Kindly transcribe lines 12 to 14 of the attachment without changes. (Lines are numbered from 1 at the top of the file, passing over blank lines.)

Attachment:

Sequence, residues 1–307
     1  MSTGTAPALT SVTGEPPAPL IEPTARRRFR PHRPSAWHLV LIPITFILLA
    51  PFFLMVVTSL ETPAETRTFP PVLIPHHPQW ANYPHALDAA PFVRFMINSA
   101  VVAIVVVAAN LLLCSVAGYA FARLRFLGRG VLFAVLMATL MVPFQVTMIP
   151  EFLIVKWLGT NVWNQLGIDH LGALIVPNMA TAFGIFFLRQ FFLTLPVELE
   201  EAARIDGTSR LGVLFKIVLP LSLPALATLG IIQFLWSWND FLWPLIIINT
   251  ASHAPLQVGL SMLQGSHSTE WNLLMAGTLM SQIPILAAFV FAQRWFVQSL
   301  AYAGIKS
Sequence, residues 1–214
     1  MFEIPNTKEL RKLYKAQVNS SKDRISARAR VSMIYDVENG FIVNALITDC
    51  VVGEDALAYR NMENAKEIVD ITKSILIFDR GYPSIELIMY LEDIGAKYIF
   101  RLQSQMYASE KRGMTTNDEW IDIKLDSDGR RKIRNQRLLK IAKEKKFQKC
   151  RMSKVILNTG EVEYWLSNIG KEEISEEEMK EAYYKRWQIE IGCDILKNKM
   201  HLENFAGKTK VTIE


   101  RLQSQMYASE KRGMTTNDEW IDIKLDSDGR RKIRNQRLLK IAKEKKFQKC
   151  RMSKVILNTG EVEYWLSNIG KEEISEEEMK EAYYKRWQIE IGCDILKNKM
   201  HLENFAGKTK VTIE